In the coming week, Canadian airliners will be reporting their fourth quarter and year-end 2018 results.
First of all, let’s keep in mind that for airliners, jet fuel cost is the single biggest expense.
With crude oil hovering in the $70 range in the third quarter, airliners saw huge increases in their biggest cost: jet fuel.
This drove a 50% increase in jet fuel cost for both airliners and a 65% reduction in EPS for WestJet. While Air Canada more than offset this through pricing increases, strong traffic, and efficiency gains, the company’s return on invested capital expectations were reduced.
In fact, its focus on return on invested capital, which has hit as high as 15% and has been key to its performance, has started to trend downward in this new environment (most recent guidance has come down to 12% from previous guidance of 13% to 16%).
Upcoming fourth quarter results
In an environment of rising fuel prices, airline stocks will usually underperform.
And while oil prices are down on a one-year basis, they remain extremely volatile, with investors unsure of their ultimate direction.
In the fourth quarter of 2018, average crude oil prices were at least $10 per barrel lower than in the third quarter.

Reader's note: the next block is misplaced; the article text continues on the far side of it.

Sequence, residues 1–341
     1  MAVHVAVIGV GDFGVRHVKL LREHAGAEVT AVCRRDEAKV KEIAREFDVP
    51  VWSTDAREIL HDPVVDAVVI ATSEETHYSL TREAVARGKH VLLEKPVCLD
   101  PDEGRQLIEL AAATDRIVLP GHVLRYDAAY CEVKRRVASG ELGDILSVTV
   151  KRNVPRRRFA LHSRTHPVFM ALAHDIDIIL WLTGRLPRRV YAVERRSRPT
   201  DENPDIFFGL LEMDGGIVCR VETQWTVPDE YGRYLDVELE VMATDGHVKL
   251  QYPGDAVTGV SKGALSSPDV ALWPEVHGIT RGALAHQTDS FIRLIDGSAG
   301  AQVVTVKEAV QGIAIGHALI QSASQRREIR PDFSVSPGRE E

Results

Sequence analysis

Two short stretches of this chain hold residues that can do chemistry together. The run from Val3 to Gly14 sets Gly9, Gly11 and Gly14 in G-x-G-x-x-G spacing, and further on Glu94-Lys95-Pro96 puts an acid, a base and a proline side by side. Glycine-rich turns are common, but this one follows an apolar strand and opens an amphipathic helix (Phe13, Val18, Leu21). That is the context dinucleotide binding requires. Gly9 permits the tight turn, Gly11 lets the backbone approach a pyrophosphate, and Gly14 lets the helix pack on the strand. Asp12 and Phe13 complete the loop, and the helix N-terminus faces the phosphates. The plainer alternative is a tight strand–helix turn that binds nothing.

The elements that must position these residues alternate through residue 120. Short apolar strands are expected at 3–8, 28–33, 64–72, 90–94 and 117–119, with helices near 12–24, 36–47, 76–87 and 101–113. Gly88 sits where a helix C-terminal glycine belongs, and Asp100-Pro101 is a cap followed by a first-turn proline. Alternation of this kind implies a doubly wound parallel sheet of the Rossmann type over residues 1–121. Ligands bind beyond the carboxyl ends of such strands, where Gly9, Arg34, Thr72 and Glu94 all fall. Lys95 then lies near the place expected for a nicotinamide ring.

Accordingly, we can expect strong fourth-quarter results for the airliners.
With regard to the stock prices, in my view they will trade based on investors’ expectations for crude oil prices and the health of the consumer, and while Air Canada’s transformation is far more than just those two variables, they are nonetheless, still big variables.
Up until now, demand has remained quite healthy, and the Air Canada is still generating ample cash flow.
If we hear cracks in this narrative, we may see a selling off of the stock.
While the company’s strategy to transform itself has only just begun, with a focus on and investment in fleet modernization, international expansion, network diversification, and the rollout of Rouge, the macro environment is undoubtedly getting more difficult.
Let’s not forget that Air Canada and WestJet are still highly cyclical companies that will not fare well if consumers reign in their spending as a result of higher interest rates and heavy consumer debt loads.
And this, coupled with rising fuel prices, will continue to be headwinds for the stock.
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Fool contributor Karen Thomas has no position in any of the stocks mentioned.